St. Jude Cure4Kids for Teachers provides educators access to cancer and healthy living education materials developed as part of the St. Jude Cancer Education for Children Program. Use the button below to learn more about the program.

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  1. by Katherine Ayers

    When scientists study cells under a microscope, they have to look with the eyes of a scientist to carefully analyze the shape and patterns of color of the cells being observed. The method of observing details under a microscope is similar to the method used by artists to create realistic drawings. When artists create a still-life drawing, for example, they must look with eyes of a scientist to carefully analyze the shape and patterns of color in the subject of their drawing. Linking these two concepts by using cells as the subject of a still-life drawing allows students to develop their scientific eyes as both a scientist and an artist.

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  2. by Katherine Ayers

    Jinghui Zhang is a computational biologist at St. Jude Children's Research Hospital, working on the Pediatric Cancer Genome Project. In this interview, students can learn more about the types of skills and technologies needed to analyze the genomes of cancer patients.

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  3. by Katherine Ayers

    TCAPS are over! Summer is approaching! Take advantage of this time to remind students of the importance of sun safety while extending their scientific understanding of the electromagnetic spectrum and UV radiation.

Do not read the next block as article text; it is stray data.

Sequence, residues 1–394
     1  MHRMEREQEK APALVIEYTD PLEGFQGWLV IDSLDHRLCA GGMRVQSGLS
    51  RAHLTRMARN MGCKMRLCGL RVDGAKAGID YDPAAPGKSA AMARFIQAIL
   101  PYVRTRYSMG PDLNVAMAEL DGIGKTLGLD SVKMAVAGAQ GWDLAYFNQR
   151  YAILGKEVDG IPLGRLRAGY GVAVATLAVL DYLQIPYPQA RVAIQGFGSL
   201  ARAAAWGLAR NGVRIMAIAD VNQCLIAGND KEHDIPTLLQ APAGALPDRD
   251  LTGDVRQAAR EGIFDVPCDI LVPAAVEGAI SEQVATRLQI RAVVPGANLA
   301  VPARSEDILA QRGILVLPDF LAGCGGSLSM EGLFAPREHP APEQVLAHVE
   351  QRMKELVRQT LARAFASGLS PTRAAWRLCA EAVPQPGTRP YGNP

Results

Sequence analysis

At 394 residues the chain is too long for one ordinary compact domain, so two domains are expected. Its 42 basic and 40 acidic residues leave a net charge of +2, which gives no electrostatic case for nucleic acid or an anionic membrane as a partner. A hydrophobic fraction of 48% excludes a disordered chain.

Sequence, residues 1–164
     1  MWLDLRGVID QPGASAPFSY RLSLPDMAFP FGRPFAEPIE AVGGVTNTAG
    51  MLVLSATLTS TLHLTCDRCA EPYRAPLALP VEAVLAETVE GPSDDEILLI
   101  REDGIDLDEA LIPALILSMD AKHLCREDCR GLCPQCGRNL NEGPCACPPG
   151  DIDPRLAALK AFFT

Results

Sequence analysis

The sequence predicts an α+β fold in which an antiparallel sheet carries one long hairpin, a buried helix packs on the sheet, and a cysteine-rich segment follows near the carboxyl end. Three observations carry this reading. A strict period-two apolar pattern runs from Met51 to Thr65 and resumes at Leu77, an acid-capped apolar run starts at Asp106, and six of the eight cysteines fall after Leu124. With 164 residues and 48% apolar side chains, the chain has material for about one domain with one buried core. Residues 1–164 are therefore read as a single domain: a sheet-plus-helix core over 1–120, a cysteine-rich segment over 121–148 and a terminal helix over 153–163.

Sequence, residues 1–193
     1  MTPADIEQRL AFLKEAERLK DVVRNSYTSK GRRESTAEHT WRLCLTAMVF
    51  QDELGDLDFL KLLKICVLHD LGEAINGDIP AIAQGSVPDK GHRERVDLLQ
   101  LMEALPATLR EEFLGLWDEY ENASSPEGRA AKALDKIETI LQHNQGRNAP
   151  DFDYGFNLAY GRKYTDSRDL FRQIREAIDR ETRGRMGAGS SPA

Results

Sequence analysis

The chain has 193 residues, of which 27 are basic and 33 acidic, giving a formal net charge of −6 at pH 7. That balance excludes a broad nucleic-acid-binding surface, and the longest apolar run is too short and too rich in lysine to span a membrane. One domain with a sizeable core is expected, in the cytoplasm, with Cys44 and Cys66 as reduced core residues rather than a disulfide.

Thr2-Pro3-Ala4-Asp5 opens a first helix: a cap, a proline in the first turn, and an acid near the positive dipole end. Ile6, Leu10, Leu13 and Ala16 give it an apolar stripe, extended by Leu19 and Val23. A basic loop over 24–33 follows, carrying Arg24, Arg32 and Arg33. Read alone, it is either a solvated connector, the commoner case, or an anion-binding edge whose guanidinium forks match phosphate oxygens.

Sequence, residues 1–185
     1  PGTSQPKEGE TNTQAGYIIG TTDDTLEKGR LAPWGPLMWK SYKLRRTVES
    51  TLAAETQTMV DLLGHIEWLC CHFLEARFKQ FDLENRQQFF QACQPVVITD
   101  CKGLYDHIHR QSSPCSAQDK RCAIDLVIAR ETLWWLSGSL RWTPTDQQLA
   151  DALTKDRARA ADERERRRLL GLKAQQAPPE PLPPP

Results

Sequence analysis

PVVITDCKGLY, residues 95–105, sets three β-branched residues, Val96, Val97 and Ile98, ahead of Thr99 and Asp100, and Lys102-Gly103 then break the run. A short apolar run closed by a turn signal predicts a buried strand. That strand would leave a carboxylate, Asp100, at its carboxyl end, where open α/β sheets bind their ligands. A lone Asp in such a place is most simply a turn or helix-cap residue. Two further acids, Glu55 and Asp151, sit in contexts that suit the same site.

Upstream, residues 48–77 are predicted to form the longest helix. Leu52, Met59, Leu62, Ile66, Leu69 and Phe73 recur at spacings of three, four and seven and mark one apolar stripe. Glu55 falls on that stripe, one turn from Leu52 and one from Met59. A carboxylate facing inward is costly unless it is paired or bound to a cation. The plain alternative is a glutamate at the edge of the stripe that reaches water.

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  4. by Katherine Ayers

    As you begin to prepare your school garden for the spring growing season, engage students in health conversations by emphasizing the cancer-fighting power of the foods they grow and eat.

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  5. by Katherine Ayers

    STEM education is defined as the preparation of students in competencies and skills in the four disciplines: science, technology, engineering, and math. When incorporating STEM education into the classroom, the fundamental principal to understand is that the four disciplines cannot be segmented and inserted in isolation of one another. Rather than thinking of each discipline in isolation, the STEM methodology unifies the disciplines to create lessons that encourage students to think critically and creatively about real-world questions and problems. The STEM methodology empowers students with the skills and tools necessary for approaching problems and answering questions. For the teacher, the STEM methodology is a guide for creating in-depth lesson plans that present students with questions that cannot be answered without first solving a problem. This approach to lesson planning can be extended into all academic disciplines.

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